We need to get this straight- or we perish. The truth about boys and gangs… This country is being held to ransom by about 6000 boys organized into criminal gangs. These boys are led by about 60 very charismatic boys. These gangs are secret societies- with initiation rituals, codes of conduct, and ways of dress. They have heroes they worship and attempt to imitate, and strict systems of reward and punishment. These gangs are modes of achieving wealth, status and women. Most of all, they are ways of achieving ‘belonging’ and ‘meaning’. ..

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C.L.R. James on West Indian Federation, 1958

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Text of a lecture delivered by C.L.R. James on “Federation (West Indies and British Guiana)” at Queen’s College, Georgetown, British Guiana (now Guyana) in June 1958. It is posted here in view of the upcoming C.L.R. James Memorial Lecture.

I must begin by noting one or two criticisms that have been made not only about Federation but about my presence in British Guiana. It has been said that I, a stranger, have no right to come here to discuss with the people of British Guiana the question of Federation. I am not in the least offended by the remark. My welcome in many quarters has been very warm, even enthusiastic, and I think I detect in the critic’s remarks not so much an objection to my presence here, as a means of indicating in a disguised manner his opposition to Federation…

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Caribbean Narco-Triangle: The US-Cuba-Jamaica Connection, Norman Girvan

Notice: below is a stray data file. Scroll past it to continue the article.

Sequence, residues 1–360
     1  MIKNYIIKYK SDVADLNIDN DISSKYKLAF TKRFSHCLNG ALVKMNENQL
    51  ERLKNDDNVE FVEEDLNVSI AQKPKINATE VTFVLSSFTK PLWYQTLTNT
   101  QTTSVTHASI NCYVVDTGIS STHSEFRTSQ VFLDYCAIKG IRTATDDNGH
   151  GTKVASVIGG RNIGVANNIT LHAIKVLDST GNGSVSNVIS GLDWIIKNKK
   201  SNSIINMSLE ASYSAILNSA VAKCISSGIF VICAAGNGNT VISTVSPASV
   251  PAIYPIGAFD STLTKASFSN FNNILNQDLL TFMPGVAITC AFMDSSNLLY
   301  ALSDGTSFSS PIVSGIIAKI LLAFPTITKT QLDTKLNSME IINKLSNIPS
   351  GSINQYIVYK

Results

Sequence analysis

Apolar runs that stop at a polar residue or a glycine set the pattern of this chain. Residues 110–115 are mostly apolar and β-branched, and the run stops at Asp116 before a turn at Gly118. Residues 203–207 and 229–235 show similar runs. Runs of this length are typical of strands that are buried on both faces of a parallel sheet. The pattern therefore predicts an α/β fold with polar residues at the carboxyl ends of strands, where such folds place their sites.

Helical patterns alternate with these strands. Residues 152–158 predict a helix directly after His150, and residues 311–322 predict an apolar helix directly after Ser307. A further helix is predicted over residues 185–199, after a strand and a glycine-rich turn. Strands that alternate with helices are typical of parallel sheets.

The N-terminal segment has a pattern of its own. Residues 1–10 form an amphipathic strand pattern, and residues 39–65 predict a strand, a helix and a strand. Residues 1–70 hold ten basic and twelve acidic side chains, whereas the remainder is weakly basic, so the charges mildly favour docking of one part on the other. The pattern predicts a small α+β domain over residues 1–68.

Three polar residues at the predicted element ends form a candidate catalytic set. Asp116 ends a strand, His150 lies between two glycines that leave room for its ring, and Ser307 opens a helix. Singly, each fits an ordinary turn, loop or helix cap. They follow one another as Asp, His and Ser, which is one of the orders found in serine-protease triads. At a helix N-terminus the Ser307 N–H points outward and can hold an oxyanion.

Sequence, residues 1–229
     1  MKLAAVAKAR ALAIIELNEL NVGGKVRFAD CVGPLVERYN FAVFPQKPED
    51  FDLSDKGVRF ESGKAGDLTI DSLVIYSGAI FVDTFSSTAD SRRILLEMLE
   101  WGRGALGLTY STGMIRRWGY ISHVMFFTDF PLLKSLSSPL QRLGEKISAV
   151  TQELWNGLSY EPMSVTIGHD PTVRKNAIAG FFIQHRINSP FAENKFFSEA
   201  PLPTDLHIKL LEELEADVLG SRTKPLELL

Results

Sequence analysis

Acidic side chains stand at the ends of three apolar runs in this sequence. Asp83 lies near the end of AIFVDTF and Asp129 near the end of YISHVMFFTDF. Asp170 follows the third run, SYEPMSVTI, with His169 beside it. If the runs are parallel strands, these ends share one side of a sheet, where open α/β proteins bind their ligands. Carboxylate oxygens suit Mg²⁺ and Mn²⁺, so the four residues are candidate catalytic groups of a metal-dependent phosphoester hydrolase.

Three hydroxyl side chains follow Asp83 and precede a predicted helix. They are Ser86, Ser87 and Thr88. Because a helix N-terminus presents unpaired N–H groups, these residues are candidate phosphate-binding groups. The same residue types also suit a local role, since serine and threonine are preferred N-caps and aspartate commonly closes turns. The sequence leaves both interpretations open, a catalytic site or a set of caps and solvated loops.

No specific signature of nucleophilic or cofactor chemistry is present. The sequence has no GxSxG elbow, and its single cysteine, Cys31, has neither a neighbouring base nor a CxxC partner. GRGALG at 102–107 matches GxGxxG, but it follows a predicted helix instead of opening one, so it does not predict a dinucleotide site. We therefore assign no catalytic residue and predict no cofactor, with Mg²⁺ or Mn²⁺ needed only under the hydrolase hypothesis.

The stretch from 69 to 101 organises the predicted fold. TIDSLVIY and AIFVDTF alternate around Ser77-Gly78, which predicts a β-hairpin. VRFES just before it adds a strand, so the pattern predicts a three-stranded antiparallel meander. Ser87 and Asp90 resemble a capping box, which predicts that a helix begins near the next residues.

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Among the most fascinating documents to come out of the WikiLeaks revelations is a cable allegedly sent by the head of the US Interests Section in Havana, Jonathan Farrar, on August 11, 2009. The document is a virtual diplomatic bombshell. It could prove a source of embarrassment to all three governments concerned–the U.S., the Cuban and the Jamaican…

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Related:

2o letters of protest from Cuba from 2006 to 2009–Jamaica Security Minister The Gleaner

Offical Statement from the Government of Jamaica on the WikiLeaked cable

The statement confirms there there were complaints from Cuba in 2009; and reports on actions taken by the Jamaican Government in response.

Cuba blasts US–dismisses Wikileaks cables Jamaica Observer

“Cuba’s dissatisfaction is with the United States, which is the world’s largest drug consumer and an important centre for money laundering, stemming from drug trafficking,” Ambassador Gala told the Observer.

US tried to discredit Cuban eye care in Jamaica, WikiLeaks cable reveals Jamaica Observer

US diplomatic staff in Cuba are said to have looked for “human interest stories and other news that shatters the myth of Cuban medical prowess, which has become a key feature of the regime’s foreign policy and its self-congratulatory propaganda.”

Jamaica, U.S. Lawmen, bring down international drig ring The Gleaner

More WikiLeaks on Cuba at Progreso Weekly